Moscow hungers for a seat at Nato's table: East European states fear a security carve-up at their expense, writes Andrew Marshall in Brussels

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The Independent Online
NEGOTIATIONS will begin today on a controversial new agreement between Russia and Nato, diplomats and officials said yesterday. A deal to set up a new 'dialogue' between the two is expected to provide special rights of consultation for Russia, sources on both sides said yesterday.

The talks will spark renewed speculation that the alliance is conceding a special role to Russia in an effort to secure its signature of Partnership for Peace (PFP), the Nato initiative designed to create ties between East Europe and the West. Central and Eastern European nations fear a carve-up of European security is taking place at their expense.

Russian officials will arrive in Brussels today from London to begin talks with Nato officials on a special statement to accompany Russia's signature of PFP. Andrei Kozyrev, the Russian Foreign Minister, is expected in Brussels on Wednesday to sign and, at the same time, a 'summary of conclusions' setting out the new relationship between the two will be published. Warren Christopher, the US Secretary of State, will meet Mr Kozyrev on Tuesday, and the Foreign Office did not rule out that Douglas Hurd may attend.

US and other alliance ministers have said repeatedly that there could be no give and take with Russia before it signed up for PFP. But both alliance and Russian sources referred to the meetings as 'negotiations', implying the possibility of concessions. Without Russian signature, PFP - a key US initiative - would be largely empty.

The alliance risks appearing to give Russia a seat at Nato's table, though yesterday officials denied Moscow would have any veto.

There are substantial differences between the two sides that must be bridged before next Wednesday in what alliance sources say will be tough talks. Russia's priority is to get affirmation that Nato cannot act unilaterally in European security. Moscow wants the organisation to be part of a wider security structure, headed by the Conference on Security and Co-operation in Europe, a largely toothless body that would effectively tie the alliance's hands. Nato rejects this.

Russia also wants recognition of the role of the Commonwealth of Independent States, the Russian-dominated body that pulls together former Soviet republics. As part of this it wants it established that Russia has a special responsibility for peace- keeping within the former Soviet Union, in areas such as the Caucusus, where ethnic and political fragmentation has been accompanied by Russian intervention.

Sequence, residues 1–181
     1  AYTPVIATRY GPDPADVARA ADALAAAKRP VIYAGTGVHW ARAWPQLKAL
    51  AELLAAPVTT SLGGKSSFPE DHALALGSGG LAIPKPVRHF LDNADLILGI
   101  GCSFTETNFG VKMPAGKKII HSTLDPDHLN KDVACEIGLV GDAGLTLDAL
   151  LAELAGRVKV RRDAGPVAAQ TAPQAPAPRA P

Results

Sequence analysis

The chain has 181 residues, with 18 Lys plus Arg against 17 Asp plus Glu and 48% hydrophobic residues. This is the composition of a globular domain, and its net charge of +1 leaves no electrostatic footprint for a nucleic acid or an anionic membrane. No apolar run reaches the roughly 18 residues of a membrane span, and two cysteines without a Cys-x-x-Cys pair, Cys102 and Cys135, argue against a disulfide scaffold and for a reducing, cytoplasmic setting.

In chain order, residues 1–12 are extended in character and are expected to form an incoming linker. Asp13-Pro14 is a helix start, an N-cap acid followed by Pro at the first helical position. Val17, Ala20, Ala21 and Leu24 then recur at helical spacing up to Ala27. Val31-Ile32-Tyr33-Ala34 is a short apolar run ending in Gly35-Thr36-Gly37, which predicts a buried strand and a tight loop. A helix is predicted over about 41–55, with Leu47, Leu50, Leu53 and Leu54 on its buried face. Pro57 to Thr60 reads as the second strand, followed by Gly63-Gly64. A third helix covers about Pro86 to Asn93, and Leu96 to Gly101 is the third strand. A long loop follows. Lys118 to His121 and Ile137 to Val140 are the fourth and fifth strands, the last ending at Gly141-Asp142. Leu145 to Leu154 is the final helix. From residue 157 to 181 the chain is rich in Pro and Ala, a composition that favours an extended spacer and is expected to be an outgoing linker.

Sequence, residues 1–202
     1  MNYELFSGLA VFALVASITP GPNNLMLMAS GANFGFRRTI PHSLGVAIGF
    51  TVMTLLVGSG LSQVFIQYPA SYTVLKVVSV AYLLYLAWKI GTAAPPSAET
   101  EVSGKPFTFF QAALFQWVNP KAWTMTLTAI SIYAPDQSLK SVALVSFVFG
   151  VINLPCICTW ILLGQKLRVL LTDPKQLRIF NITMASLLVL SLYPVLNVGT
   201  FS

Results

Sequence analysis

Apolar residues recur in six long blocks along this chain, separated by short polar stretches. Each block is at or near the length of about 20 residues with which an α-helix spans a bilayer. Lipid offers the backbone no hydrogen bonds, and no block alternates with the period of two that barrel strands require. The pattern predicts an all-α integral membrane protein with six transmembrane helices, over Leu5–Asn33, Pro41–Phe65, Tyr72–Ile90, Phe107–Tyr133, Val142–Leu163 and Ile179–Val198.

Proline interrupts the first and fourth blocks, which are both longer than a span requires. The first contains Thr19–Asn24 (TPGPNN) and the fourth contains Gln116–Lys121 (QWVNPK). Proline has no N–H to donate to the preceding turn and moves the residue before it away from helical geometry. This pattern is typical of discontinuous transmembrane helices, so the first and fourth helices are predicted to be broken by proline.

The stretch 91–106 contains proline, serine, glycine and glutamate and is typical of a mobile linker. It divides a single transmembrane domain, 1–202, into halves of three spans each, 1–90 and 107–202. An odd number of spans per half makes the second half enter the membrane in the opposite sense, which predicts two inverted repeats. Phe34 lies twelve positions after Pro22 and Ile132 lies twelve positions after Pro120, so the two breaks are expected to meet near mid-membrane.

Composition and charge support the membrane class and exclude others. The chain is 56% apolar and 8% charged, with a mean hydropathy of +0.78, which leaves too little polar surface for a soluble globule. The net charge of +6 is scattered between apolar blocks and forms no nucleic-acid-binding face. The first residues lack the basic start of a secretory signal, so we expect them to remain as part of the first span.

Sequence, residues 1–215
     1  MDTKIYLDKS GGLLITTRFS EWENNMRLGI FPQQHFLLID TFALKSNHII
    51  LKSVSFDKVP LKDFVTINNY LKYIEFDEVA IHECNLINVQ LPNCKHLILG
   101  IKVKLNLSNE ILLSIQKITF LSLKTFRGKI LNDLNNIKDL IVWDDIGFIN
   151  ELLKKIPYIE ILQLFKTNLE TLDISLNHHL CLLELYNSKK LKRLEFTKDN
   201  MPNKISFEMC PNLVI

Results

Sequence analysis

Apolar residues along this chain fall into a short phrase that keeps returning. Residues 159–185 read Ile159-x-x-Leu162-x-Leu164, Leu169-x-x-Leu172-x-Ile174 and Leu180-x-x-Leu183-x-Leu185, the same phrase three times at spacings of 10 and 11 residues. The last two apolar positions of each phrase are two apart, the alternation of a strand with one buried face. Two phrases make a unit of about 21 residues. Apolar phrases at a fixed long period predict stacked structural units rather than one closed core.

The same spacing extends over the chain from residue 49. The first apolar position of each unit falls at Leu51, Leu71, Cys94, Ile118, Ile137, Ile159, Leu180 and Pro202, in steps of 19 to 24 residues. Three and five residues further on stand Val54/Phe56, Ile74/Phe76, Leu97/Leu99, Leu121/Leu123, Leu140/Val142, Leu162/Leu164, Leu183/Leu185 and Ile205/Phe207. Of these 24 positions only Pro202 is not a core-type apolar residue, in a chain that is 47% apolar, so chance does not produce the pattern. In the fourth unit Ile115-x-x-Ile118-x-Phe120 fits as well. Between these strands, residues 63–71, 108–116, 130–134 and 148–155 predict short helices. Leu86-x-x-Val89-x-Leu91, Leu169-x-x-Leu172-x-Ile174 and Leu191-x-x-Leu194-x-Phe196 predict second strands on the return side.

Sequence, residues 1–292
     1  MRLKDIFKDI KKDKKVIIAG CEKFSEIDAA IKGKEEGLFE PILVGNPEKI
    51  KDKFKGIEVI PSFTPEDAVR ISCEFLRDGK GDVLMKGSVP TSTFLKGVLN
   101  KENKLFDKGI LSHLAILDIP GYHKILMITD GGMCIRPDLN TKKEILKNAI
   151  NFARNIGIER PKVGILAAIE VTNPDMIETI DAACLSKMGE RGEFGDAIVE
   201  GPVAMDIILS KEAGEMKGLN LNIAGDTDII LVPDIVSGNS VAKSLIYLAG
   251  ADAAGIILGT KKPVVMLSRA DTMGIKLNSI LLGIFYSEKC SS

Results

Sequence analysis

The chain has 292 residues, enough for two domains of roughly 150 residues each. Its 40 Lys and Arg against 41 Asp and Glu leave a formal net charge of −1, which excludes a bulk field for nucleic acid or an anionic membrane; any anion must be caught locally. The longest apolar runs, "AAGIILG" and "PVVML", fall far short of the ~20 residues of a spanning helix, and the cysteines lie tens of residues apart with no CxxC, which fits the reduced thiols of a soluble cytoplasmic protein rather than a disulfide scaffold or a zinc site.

Agreement will take the form of a 'summary of conclusions' to be published on Wednesday to accompany signature of PFP. Both sides say the broader document would be 'politically, but not legally binding'. It will thus not be a formal treaty, but will be regarded by both sides as a crucial political document.

All this puts the Central and Eastern European states in a cold sweat. The West again seems to be tying up an agreement on European security without consulting them. Nato has said that any talks will be transparent but alliance sources said yesterday no details would be provided while the talks took place.

The 'broad dialogue' resulting from the talks will include 'consultation' in some areas, implying that Russia's advice will be sought. Nato insists that this will not be the case for decisions on enlarging the alliance, and Russia will not have a veto. The dialogue will simply be 'information-sharing', sources said, but the deal is unlikely to spell out details.

It is politically embarrassing for the alliance to appear to be in the position of making concessions to Moscow. The Russian government will almost certainly try to give the impression that it has won a victory over Nato, ending the bloc's unique role, in order to sell the PFP deal to the Russian parliament.